Hey Team Detail!
I’ve recently had some inquires and discussion’s about removing wings from cars in order to fully correct the paint. Should we do it? Some do it? Some don’t? And what would be the benefit of removing the spoiler, if we did!?!
Personally, I feel like it’s a key essential to doing the job right! A customer asks me for a “full correction” and depending on the type of spoiler, it has to come off. Nothing is worse than seeing a car that looks like a million bucks, except for that one spot you cant get a machine polisher on. Not to mention the bottom side of the wing. These areas need to be treated just like the rest of the car during a correction process. If a wax or coating is to be applied and we want full coverage and equal protection throughout the vehicles paint as a whole, these areas need to be prepped to do so.
I only recommend removing parts off cars if the right tools are available and some basic mechanics knowledge has been practiced. Having the right tools is more than half the battle. Stripping a bolt or damaging hardware will result in a few things a customer would not like to hear.
- It could possibly void warranty if the manufacture see’s its been tampered with poorly.
- The vehicle may need new seals, hardware etc.
- It may not go back together the same way it came apart.
There are the 3 things (I’m sure we could think of more) as an example of how “not” having the right tools and knowledge could backfire.
The customers ultimately have the final say as to if he / she trust it to be done or not by a detailer. Not every customer is the same and it is to be respected. Whether they trust you or not, at the end of the day it’s their car and their decisions. I’ve run into some customers who would trust me to tear the car down to a million pieces and put it back together and some will believe it is only for the dealership to take the chance. Respectfully so.
However, if a full paint correction is to be done right I fully stand behind taking the wing off! It is the only way to machine polish and correct this portion of vehicles paint. The thoroughness of the job when it’s all complete and put back together is so obvious. It just pulls the whole job together and you know it looks amazing at first sight! Having it done this way will also make for easier maintenance on the weekend or a quick wash day. You’ll also see in the pictures I provided, the removal of the taillights. Over the course of a few years a good amount of dirt and debris will get in these sections (most would be surprised). Just like tire rotation and oil changes, this is another way to keep up with the maintenance (areas like this are mostly overlooked). However as an example, if I was to hire someone to change my brakes I would love to have it “proven” that the job will be done correctly. If a customer was to request this service and the detailer has to ask “how” to take it off, I would be very hesitant as a customer. Often the wings of cars will have a seal or some kind of double sided tape that allows the two parts not to rub and scratch each other. If it’s a seal, it can not be damaged while removing. If it’s double sided tape, it has to be replaced. Having a helping hand and a good relationship with your toolbox and its contents are things I would look into before having someone do a job like this.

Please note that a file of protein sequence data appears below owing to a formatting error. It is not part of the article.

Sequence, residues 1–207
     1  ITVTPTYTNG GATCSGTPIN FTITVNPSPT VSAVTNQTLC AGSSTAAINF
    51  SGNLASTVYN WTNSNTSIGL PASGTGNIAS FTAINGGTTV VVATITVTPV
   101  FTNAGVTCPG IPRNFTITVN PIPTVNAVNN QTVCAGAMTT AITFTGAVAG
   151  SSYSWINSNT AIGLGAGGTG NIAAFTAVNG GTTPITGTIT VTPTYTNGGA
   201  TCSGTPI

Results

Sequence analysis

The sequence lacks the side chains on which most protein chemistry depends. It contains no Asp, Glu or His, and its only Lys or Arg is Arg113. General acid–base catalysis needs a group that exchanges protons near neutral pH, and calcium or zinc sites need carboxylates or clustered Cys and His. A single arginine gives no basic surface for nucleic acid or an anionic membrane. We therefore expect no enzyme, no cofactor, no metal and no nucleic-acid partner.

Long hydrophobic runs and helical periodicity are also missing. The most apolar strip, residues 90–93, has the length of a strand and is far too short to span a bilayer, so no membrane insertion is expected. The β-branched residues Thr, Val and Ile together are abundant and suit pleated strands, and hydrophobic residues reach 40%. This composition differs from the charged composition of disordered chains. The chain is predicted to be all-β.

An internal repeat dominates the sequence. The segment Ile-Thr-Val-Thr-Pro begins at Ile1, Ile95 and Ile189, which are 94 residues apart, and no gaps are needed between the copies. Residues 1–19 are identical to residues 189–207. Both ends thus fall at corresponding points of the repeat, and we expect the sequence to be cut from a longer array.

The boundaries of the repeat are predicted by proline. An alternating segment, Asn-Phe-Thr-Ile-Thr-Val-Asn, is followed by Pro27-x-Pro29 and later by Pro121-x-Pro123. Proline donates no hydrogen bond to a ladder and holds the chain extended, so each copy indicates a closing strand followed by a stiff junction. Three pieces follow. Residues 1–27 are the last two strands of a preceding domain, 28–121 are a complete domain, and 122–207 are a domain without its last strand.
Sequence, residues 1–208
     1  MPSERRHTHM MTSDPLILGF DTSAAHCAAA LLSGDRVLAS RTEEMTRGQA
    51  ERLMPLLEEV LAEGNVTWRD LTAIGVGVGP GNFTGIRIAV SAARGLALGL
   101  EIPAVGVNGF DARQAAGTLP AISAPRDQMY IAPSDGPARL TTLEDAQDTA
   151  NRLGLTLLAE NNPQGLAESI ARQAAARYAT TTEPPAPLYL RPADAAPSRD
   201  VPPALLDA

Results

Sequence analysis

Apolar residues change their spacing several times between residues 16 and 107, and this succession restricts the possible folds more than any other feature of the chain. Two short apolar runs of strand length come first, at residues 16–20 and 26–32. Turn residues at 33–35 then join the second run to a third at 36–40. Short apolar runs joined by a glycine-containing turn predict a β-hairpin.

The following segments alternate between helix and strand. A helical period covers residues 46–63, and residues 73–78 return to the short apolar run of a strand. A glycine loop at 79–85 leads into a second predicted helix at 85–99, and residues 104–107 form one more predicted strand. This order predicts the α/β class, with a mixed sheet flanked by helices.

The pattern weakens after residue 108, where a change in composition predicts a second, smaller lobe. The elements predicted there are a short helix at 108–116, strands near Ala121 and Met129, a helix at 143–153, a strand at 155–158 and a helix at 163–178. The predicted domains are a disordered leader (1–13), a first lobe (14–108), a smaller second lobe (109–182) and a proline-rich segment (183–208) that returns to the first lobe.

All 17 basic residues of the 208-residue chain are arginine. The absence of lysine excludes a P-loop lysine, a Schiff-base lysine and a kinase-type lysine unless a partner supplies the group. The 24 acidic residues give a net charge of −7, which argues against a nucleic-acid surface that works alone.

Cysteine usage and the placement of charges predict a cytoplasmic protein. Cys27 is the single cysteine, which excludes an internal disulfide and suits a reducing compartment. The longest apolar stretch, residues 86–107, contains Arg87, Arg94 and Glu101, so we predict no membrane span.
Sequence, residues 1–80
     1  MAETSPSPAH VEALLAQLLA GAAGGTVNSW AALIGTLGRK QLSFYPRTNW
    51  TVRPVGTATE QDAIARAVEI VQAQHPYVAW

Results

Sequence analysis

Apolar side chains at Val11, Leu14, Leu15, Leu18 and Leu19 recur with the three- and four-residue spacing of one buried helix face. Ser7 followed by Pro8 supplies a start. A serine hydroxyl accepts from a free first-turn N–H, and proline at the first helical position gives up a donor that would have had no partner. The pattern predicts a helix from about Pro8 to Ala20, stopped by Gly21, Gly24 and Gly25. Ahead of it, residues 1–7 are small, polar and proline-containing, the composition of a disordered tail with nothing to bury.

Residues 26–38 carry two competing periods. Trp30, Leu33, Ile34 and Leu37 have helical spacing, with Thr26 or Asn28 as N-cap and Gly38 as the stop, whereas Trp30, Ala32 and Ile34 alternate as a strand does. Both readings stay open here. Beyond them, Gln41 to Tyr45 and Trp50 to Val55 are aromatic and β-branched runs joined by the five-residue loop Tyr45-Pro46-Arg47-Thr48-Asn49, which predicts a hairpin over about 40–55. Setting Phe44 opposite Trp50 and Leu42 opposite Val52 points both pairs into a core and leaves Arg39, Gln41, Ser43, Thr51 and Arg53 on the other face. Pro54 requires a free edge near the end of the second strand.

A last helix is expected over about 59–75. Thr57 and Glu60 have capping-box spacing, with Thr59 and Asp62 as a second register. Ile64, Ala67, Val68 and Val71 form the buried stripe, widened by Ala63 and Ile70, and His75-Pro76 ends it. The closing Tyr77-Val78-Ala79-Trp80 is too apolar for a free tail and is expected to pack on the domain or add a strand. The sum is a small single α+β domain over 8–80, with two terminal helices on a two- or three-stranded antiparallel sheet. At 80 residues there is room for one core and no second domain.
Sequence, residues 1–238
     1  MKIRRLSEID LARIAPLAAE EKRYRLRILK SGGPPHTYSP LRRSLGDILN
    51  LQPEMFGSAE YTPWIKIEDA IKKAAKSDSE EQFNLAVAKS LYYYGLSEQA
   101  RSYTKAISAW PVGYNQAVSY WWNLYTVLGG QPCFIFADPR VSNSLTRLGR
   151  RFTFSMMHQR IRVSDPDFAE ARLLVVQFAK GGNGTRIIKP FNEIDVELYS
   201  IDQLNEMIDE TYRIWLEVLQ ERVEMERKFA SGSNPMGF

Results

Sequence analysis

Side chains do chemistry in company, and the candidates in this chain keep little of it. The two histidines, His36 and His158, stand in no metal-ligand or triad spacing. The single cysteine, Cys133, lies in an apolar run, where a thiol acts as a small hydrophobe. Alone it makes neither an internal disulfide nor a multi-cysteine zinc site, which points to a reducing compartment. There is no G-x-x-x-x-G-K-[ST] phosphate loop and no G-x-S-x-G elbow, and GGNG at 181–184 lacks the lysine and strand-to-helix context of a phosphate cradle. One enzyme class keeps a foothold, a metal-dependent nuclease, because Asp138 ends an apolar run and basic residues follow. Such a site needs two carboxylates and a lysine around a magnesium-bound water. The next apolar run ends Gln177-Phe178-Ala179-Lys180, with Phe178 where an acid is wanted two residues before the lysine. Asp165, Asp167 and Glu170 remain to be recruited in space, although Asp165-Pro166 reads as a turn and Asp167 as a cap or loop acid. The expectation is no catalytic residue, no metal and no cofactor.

I’m sure you could already imagine the benefits from removing the spoiler. With the wing off the car it is so much easier to polish the trunk lid with no interference. On one of the WS6 picture below is a 50/50 from a detail that received a full wet sand. With the wing off the car and turned over we are able to properly polish the under side as well. When the car gos back together and a LSP (Last Step Product) is getting ready to be applied, we can assure equal protection and a great look throughout the entire car! The benefits of removing the rear wing certainly outweigh the drawbacks that have been mentioned above. However it takes a matter of trust that the job will be done right.
Below is a few pictures to get a basic idea:
The Porsche Carrera below had Menzerna Power Lock applied the section that the wing will cover up once put back on. Over the next several months (after this detail I did) the maintenance on the car will be a breeze. As this is an area that water will collect in, amongst other debris. Taking a blower of some kind to the car when drying will solve that problem. I use Metro Vac when I’m drying a car.
The upkeep of “all” the paint on a car is an important way to ensure the best look for your vehicle. Every year or every other year I would check on these spots to maintain and hold value to the car. As I said, they’re often over looked. I hope this article helps in guiding another important question when getting ready to hire someone for paint correction!
Porsche Carrera wing back on and completely cleaned and protected on the underside.
This detail was a bit more intense, the entire car needed to be wet sanded due to a bad paint job. It would have been impossible to complete this job as a “full” paint correction if trying to do it with the spoiler still on.
A final rinse before LSP
WS6 wing back on
Thank You for viewing! If you have any question please feel free!